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Fast divide by seven?

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Simple thing that's killing me.

 

Any suggestions for a fast "divide by seven" routine?

 

HMPx/HMOVE whacks give either 7 or 8 clocks of motion. Divide by 8 is easy - bit shift - but division by seven is killing me. I can live with doing a dex / sbc loop, but that isn't nice.

 

Math and I are not friends.

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Any suggestions for a fast "divide by seven" routine?

 

Rather than doing a divide-by-seven, I'd suggest doing something like:

  ldx displacement ; 0-159
 lda smallmove,x
 sta HMPx
 ...
 sta HMOVE
 lda bigmove,x
 sta HMPx   ; Use this value ten times
 ...
 sta HMOVE
 ...
 sta HMOVE
 ...
 sta HMOVE
 ...
 sta HMOVE ; etc. ten times total for the bigmove,x value

This way you only have two hmove values to worry about, and you always 'whack' things the same number of times.

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This is actually for the "judgement" code to decide sprite drawing-lists ... I have the amount of displacement between two sprites to be entered into the drawing list, and am judging the number of scanlines required to perform the move. Incidentally, this is including a RESPx "shortcut" that allows bumping the position effectively up to 48 clocks (see my blog for details).

 

I'm tinkering with pretending to move 8 clocks and then throwing in an extra count, which could taint the results, but it's just to decide the best slot in the list for a sprite, so I'm wondering if an approximation might work.

 

The actual motion code works out something like the above; I (sometimes) hit RESPx (at one of two fixed positions) and then whack HMOVE until I think the sprite is where I want it.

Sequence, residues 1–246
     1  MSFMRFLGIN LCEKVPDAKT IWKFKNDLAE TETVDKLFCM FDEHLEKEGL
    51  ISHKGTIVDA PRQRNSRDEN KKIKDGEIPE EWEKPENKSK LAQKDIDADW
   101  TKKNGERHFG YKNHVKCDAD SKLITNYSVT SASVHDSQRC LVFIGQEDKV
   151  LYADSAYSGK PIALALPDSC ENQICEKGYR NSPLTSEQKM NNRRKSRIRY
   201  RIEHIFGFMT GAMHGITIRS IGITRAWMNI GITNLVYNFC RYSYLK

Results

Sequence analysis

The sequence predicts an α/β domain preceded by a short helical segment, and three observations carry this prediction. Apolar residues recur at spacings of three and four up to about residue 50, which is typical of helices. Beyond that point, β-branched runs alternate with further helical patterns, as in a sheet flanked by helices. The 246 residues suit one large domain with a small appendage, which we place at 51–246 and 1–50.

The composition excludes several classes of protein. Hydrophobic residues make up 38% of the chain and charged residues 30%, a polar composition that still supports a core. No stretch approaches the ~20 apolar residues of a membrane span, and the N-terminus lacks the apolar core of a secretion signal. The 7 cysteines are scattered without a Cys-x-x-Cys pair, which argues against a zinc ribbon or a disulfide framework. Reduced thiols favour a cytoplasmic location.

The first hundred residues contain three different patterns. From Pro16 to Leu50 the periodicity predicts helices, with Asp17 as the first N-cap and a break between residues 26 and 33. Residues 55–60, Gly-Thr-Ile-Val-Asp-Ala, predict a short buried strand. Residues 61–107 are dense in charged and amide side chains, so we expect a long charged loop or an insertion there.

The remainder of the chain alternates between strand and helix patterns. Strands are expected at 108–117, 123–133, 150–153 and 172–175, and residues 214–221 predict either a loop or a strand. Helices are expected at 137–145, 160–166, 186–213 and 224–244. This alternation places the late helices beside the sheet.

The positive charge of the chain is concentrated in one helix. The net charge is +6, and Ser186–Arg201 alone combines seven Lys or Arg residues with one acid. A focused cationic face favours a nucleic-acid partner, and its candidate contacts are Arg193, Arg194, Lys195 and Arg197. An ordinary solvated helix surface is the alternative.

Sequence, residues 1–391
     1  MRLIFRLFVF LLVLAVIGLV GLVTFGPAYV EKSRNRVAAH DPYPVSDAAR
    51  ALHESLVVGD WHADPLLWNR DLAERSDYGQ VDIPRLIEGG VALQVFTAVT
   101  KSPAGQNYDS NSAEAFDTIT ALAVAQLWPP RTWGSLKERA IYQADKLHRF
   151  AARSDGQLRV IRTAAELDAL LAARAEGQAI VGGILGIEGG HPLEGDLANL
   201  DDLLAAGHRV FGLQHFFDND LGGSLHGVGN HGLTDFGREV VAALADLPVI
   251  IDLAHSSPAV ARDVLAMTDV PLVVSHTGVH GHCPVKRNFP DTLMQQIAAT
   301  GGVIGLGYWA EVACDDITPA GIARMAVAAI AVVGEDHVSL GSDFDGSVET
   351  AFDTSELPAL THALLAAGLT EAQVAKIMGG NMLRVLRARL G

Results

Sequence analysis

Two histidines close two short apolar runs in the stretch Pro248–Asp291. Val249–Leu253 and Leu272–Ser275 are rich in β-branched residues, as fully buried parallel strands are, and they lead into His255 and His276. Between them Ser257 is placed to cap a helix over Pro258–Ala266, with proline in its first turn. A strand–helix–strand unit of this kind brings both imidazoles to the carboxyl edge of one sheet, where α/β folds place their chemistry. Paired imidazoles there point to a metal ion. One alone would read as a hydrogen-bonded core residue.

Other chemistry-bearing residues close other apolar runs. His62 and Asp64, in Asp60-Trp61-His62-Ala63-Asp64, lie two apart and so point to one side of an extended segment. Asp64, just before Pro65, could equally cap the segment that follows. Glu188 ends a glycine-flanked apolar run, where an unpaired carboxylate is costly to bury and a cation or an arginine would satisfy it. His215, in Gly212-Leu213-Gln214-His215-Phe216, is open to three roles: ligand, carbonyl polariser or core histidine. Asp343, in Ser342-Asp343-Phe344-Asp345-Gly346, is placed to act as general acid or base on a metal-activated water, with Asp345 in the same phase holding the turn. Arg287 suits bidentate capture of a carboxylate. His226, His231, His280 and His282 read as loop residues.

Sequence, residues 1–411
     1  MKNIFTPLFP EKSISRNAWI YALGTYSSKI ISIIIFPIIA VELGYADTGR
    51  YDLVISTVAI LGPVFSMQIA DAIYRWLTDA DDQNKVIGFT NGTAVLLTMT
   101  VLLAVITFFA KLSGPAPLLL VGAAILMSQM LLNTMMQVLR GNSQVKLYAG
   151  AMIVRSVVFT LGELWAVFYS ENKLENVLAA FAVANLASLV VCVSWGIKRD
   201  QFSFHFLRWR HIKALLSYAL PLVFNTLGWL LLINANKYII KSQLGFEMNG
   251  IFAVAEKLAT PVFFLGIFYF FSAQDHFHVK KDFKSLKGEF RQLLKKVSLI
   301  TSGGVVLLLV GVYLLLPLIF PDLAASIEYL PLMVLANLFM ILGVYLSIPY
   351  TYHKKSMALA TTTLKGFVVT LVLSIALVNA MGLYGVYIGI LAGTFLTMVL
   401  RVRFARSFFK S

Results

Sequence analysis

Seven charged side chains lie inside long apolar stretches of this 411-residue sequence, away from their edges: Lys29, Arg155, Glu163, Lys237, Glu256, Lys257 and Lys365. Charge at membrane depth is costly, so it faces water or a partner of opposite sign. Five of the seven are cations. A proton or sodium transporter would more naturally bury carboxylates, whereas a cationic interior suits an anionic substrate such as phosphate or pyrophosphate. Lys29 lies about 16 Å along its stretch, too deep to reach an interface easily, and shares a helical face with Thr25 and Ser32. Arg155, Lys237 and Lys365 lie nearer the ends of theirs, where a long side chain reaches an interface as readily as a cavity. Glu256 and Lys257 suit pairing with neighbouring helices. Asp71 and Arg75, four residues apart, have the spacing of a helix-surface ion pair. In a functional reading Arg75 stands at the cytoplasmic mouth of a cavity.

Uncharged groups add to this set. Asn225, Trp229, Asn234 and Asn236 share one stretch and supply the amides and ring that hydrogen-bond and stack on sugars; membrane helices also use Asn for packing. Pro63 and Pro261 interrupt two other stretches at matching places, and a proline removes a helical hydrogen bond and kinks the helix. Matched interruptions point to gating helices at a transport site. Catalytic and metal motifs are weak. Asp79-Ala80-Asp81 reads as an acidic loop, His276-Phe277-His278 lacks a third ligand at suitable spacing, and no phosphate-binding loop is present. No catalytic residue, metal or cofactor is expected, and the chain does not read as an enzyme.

The judgement code rewrite has invalidated the sprite drawing in the kernel loop at the moment, so until I refactor that to match, this is all gut instinct.

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Divide by 7 should be very similar to the well know divide by 15 routine, used for positioning sprites.

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In the interests of getting it to Just Work At All, I'm dropping this logic actually, but thanks to you both for many useful suggestions.

 

My revised idea, rethinking a few things based on Thomas's comments on my blog, is to simplify the drawing list somewhat by only drawing a full sprite or not drawing it at all, which terribly simplifies the logic in the judgement routine, and the revised mess follows.

 

An ideal divide by seven would make the judgement code more accurate, but I'm being pessimistic and doing a divide by eight, and possibly ruling out some slots which otherwise could have held sprites, in favour of more reasonable execution times, and the fact that my local time is 3:30am and complex math is never my strong suit to begin with.

 

I suppose I could resort to a div7 table, as well :-( I think the valid range is only 0..49 or so, depending on how my RESPx hits end up aligning in the kernel, so at least it's a smallish table. Even smallish tables are starting to hurt me, though.